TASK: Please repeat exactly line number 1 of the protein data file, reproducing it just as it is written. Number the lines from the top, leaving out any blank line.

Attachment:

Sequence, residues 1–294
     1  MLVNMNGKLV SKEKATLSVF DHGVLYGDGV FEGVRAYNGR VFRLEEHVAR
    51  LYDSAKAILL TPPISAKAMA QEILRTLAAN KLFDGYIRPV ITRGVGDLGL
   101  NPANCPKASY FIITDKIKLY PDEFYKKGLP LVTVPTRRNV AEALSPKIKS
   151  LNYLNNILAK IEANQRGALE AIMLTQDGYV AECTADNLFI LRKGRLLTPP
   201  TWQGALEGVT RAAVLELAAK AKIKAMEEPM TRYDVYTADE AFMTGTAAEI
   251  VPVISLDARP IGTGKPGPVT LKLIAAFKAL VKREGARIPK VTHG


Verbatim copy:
Sequence, residues 1–294